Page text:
(Corrects paragraph 12 to say DX needs 50 pct investor support, not 75 pct)
* Gatemore owns 11 pct of DX, representing 18 pct of investors
* Gatemore values deal at 14-16p, seeks cash to boost value to 30p
* DX says it has support from “key shareholders” for proposed deal
LONDON, May 5 (Reuters) - The biggest investor in UK mail delivery firm DX Group, Gatemore Capital Management, ratcheted up its opposition to a proposed reverse takeover of John Menzies’ distribution arm on Friday, saying it “grossly undervalued” the firm.
In a letter to the board of DX dated May 4 representing 18 percent of shareholders, Gatemore, which owns 11 percent of DX, said it was confident that a majority of investors which voted would reject the deal.
Citing an independent analysis of the deal, it also said it saw scope for a turnaround plan to boost DX’s shares.
DX Chairman Bob Holt said that the company had the support of “key shareholders” to continue talking to Menzies and that its investors would have the opportunity to vote on any firm offer that it made. “We continue to believe that a potential combination of DX with John Menzies’ distribution division offers strong benefits,” Holt said in an emailed statement.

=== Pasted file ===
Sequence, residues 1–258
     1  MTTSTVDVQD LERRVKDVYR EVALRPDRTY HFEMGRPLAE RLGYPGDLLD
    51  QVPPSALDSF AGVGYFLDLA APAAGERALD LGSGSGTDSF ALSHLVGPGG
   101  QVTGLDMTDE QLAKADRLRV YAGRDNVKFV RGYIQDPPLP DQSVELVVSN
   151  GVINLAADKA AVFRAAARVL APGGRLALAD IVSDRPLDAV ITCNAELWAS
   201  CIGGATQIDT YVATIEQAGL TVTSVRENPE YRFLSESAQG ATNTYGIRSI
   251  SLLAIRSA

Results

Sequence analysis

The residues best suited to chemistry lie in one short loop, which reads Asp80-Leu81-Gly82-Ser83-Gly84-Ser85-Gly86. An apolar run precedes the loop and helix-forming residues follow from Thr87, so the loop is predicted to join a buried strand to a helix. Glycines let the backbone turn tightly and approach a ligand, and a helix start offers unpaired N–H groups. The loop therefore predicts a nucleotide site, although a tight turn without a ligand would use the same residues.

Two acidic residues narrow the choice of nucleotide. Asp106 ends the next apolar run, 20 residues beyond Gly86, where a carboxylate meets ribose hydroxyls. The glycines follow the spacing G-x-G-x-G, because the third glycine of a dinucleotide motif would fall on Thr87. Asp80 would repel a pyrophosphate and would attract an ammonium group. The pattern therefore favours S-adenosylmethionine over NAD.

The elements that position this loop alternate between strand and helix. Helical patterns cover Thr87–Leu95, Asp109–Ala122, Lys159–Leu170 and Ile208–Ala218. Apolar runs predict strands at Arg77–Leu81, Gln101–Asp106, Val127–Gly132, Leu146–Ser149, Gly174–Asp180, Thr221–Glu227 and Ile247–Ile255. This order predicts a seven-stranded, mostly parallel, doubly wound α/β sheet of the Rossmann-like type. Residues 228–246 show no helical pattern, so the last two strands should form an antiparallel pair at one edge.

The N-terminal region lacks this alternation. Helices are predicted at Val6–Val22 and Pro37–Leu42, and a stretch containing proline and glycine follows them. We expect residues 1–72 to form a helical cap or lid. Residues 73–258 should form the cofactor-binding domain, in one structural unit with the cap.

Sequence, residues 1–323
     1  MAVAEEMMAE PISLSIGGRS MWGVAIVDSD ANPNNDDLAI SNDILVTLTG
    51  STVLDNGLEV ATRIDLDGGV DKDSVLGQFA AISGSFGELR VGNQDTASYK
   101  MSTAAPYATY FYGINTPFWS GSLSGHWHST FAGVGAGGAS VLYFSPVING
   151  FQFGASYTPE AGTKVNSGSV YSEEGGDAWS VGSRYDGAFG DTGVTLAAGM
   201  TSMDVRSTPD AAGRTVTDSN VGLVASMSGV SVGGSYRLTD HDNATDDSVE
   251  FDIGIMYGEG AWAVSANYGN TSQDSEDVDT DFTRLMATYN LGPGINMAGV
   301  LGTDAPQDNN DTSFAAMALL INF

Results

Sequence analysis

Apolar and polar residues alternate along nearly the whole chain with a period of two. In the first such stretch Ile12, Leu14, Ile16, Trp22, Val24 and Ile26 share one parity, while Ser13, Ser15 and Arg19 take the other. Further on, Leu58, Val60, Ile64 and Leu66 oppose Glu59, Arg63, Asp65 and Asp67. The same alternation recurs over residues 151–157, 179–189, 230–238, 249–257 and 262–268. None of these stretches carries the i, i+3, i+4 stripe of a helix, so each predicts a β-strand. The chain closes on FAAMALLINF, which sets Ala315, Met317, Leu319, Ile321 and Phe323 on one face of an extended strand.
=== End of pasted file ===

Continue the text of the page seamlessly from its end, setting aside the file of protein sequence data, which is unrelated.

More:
DX Group and Menzies announced in March that they were in talks over a potential deal, a month after DX warned on profit, citing challenges in the courier market and margin pressure in its freight unit.
The proposal is for DX to buy Menzies’ distribution arm through a reverse takeover that will give Menzies’ shareholders a position in the enlarged company.
DX would pay about 60 million pounds cash and issue new shares to Menzies equalling 80 percent of DX’s share capital, the companies said last month.
Gatemore said the current deal valued DX’s shares at 14-16 pence and it wanted to see significantly improved terms or for the deal to be scrapped.
If DX were to split the 60 million pound cash payment between Menzies and DX shareholders, DX shareholders would get around 30 pence per share in total, Gatemore managing partner Liad Meidar told Reuters.
“That starts to be the beginning of a good deal,” he said.
Any firm offer would require support from shareholders holding at least 50 percent of DX’s issued share capital as per UK takeover rules.
Three of Menzies’ top investors have called for the separation of its aviation and distribution units, following warnings over profit and revenue and executive departures.
A spokesman for Menzies was not available for immediate comment on Friday. (Reporting by Simon Jessop, Esha Vaish and Carolyn Cohn)